Tubeless wheels and tires can greatly improve the ride experience on any bicycle. The primary benefits are simply: Lower rolling resistance, better traction, and reduced likelihood of flat tires.
However, many road riders are still leery of this superior technology, and we have found that they often believe misconceptions about tubeless tires that are simply untrue. We’re here to set the record straight and get you rolling on a better setup.
FALSE! It is simply a different process than installing a tire on non-tubeless rims.
People with 10-30 years of experience installing tubed tires will struggle if they do not adapt their technique to modern tubeless-compatible rims.
The rim’s shoulders are key: This is the surface on which the tire and rim create the air-tight seal. The center channel reduces the rim’s diameter, effectively allowing the tire to be installed. It is imperative that the tire’s bead is in that center channel when installing a tubeless tire, and the installation is finished at the valve, not the opposite.
If you don’t get the tire’s beads in the channel, you’ll fight it until your fingers are raw, and no tire lever will help you. While tire diameters will vary (even within the same model) you can often install a tire with nothing but your hands but, in some instances, a plastic tire lever is needed. The tire lever should only be required for the final few inches of bead on tighter than normal tires.
Removing a tire is the same. First, pop the tire’s bead off the rim’s bead-locking shoulder and into the rim’s center channel. Pushing the bead into the channel all the way around makes tire removal possible and quite easy with the help of a tire lever.
KEY TAKEAWAY: Tubeless tire install and removal isn’t harder, it just requires the right technique.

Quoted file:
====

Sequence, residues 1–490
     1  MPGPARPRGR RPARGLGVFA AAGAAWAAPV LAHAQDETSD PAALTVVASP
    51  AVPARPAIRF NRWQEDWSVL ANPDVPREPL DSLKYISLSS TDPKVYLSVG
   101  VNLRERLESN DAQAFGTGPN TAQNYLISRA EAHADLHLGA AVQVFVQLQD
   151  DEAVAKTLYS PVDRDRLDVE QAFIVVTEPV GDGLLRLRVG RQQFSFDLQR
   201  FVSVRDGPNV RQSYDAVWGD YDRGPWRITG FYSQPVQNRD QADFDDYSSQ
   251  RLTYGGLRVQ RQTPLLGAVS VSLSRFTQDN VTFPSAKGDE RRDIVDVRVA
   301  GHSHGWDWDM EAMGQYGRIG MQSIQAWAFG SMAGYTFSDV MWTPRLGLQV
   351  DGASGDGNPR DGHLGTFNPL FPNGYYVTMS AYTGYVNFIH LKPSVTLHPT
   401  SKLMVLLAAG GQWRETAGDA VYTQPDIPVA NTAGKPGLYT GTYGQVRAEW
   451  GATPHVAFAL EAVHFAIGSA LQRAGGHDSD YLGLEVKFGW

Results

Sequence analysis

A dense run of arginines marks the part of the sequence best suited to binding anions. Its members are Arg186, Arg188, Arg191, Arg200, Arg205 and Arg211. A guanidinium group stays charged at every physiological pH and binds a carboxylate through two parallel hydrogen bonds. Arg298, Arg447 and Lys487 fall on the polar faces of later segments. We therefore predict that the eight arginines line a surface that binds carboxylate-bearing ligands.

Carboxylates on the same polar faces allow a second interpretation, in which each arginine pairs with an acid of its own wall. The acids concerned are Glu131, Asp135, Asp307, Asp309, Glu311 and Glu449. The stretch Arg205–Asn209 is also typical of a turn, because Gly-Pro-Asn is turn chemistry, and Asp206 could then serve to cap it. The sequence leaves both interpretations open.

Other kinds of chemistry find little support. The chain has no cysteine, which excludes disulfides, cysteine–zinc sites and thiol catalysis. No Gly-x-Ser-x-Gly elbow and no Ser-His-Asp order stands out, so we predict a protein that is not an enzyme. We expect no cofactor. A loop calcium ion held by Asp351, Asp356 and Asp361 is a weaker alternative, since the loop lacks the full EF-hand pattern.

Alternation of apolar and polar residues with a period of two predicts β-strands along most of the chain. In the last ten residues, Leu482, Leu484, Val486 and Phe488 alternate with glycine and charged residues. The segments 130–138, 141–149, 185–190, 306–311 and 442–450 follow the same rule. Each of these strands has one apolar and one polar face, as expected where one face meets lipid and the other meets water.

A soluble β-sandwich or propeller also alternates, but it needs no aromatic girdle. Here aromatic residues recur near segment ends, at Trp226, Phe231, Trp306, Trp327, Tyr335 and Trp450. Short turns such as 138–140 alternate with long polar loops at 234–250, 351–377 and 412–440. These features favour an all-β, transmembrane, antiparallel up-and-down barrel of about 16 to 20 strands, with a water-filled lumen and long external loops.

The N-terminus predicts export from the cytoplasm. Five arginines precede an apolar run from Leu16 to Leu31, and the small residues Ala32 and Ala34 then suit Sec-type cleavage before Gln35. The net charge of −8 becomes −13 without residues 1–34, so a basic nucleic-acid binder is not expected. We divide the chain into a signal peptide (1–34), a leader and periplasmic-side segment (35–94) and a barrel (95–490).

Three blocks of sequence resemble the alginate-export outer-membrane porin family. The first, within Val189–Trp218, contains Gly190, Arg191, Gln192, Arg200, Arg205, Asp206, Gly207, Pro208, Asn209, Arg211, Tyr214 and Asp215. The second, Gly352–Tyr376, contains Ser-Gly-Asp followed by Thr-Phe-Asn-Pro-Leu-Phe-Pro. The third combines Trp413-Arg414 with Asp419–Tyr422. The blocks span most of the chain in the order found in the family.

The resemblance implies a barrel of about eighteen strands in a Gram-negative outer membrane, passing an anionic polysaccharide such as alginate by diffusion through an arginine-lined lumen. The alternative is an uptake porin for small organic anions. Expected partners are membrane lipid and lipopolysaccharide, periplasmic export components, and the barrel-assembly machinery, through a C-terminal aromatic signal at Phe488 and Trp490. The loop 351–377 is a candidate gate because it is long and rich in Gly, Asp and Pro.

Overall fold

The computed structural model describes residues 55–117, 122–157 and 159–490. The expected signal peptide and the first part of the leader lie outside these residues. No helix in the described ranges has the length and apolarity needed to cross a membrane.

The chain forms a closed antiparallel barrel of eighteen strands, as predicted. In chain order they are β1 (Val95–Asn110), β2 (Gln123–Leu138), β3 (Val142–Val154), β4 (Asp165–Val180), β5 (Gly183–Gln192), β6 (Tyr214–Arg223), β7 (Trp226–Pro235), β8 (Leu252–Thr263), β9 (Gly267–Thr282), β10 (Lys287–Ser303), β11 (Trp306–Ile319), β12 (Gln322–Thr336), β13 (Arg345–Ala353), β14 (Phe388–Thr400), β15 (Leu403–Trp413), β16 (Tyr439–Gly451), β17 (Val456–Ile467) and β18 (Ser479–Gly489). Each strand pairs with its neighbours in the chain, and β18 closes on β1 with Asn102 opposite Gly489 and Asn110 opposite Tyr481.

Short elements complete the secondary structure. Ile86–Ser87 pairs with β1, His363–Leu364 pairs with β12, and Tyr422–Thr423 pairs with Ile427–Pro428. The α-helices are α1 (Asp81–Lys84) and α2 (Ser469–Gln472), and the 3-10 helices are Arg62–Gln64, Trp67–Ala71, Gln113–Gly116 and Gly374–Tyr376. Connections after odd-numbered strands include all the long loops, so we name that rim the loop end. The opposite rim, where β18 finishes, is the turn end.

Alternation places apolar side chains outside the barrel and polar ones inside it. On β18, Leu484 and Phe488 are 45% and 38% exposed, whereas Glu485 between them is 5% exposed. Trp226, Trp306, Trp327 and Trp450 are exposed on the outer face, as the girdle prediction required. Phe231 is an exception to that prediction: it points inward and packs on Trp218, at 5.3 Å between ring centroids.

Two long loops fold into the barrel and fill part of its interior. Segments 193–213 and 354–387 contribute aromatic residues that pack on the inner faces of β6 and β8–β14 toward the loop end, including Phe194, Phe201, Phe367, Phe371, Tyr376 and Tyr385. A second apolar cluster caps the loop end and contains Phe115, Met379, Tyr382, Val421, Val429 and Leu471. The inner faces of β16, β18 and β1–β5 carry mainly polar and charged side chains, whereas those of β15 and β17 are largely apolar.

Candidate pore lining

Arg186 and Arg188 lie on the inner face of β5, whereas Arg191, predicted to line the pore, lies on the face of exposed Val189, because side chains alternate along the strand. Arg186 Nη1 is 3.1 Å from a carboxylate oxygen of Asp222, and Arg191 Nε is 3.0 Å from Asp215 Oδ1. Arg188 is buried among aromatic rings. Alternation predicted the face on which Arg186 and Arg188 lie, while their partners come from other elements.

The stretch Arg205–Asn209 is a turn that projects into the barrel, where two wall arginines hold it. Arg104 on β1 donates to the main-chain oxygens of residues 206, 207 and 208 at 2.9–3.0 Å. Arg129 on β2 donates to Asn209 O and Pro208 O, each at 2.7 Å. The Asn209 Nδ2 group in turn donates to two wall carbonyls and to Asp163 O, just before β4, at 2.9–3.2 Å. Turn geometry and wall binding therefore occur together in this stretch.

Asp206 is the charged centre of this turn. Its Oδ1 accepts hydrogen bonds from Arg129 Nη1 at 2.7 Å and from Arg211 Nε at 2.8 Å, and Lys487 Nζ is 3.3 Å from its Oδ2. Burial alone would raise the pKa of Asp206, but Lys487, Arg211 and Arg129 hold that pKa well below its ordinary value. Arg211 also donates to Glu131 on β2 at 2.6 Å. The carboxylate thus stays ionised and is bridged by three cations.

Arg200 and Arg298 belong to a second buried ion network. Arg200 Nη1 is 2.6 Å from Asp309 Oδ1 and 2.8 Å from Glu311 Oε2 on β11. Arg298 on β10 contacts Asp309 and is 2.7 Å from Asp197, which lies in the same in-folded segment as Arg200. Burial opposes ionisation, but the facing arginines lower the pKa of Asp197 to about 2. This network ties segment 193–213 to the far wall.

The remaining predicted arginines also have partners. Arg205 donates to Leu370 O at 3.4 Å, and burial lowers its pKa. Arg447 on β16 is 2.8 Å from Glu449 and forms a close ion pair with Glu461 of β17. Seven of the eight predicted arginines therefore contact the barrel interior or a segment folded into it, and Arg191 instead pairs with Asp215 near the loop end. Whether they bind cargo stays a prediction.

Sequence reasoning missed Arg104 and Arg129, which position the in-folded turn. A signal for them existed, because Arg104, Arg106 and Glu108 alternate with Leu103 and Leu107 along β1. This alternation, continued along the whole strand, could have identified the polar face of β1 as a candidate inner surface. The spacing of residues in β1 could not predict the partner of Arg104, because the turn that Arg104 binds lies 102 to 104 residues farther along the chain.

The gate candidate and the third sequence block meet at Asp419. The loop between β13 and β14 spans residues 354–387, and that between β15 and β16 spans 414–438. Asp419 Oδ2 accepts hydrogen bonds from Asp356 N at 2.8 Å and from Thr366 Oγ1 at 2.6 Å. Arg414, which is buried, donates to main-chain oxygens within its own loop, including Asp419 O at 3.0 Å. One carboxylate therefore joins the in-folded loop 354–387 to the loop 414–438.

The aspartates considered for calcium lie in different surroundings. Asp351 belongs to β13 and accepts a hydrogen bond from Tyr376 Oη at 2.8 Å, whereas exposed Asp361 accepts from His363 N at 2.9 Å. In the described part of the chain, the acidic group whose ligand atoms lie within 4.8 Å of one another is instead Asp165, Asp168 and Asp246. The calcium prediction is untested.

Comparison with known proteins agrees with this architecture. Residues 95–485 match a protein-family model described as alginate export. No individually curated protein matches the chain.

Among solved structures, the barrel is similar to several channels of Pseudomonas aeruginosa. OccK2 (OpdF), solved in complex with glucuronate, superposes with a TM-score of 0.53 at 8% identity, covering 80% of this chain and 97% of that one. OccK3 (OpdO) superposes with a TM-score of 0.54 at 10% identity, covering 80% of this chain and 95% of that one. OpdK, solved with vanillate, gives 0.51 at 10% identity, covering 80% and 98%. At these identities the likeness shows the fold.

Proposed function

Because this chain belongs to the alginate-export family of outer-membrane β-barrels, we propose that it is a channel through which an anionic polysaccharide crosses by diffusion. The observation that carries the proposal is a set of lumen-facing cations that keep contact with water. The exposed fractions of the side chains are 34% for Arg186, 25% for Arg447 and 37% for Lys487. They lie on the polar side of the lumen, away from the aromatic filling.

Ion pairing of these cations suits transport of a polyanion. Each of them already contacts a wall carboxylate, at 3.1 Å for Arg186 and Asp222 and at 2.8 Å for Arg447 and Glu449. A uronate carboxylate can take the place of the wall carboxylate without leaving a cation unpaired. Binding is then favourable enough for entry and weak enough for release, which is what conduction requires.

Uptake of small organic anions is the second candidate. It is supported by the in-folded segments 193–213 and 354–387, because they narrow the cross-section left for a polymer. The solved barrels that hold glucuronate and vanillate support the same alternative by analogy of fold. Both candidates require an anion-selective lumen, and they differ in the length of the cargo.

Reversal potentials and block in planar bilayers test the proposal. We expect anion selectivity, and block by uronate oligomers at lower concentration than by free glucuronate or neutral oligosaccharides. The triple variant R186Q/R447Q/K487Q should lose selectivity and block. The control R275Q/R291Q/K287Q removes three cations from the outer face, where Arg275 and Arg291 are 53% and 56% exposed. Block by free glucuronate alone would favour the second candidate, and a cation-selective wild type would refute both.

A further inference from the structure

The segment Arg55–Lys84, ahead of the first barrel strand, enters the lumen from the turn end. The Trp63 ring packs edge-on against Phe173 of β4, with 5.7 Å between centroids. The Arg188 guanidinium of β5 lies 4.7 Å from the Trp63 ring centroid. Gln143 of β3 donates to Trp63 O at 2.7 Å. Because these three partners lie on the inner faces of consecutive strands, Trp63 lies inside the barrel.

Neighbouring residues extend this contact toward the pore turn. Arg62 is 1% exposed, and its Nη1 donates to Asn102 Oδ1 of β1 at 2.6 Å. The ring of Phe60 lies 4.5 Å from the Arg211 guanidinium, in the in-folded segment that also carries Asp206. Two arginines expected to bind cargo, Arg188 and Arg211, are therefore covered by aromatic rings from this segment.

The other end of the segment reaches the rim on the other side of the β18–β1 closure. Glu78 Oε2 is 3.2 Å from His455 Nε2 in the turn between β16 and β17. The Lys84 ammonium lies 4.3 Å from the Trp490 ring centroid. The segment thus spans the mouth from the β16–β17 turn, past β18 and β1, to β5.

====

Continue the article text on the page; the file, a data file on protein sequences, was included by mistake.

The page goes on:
FALSE! An inner tube can always be used in a tubeless wheel or with a tubeless tire.
While you will sacrifice rolling efficiency and flat-resistance, tubes are compatible with tubeless tires and rims, but should be used as a backup in case of a rare but unfortunate tubeless flat tire. Should you experience a flat while running a tubeless setup, you can finish your ride and get you home by simply removing the tubeless valve stem and installing an inner tube, just as you would on a non-tubeless setup.
One exception: If you are running an SES, Foundation or G Series hookless rim, you may only run innertubes with a tubeless-compatible tire. It is equally important to adhere to each rim’s maximum tire pressure rating. This ensures that the tire will remain safely seated on the rim. The ENVE SES Tires are compatible with both hooked rims and hookless rims for peace of mind regardless of the rim design. Explore the SES Tire line.
KEY TAKEAWAY: It doesn’t hurt to pack a spare tube, just in case.
FALSE! Tubeless, when done properly, is the pinnacle of reliability.
There are many elements to a tubeless system, and all of them must be installed properly or maintained, but that doesn’t mean the system is unreliable. Tubeless tires and wheels can last you seasons of trouble-free use without needing attention.
During initial setup, it’s important to remember that the entire system — as well as the tires — need a 24-hour period to settle and absorb sealant. Often, after first setup, both tires will go flat overnight. To combat this, a ride immediately after set-up will help spread the sealant around for an airtight setup. As with a normal tube setup, it’s still important to check air pressure before every ride. Modern tubeless ready tires are porous, and will lose anywhere from 1-5psi overnight.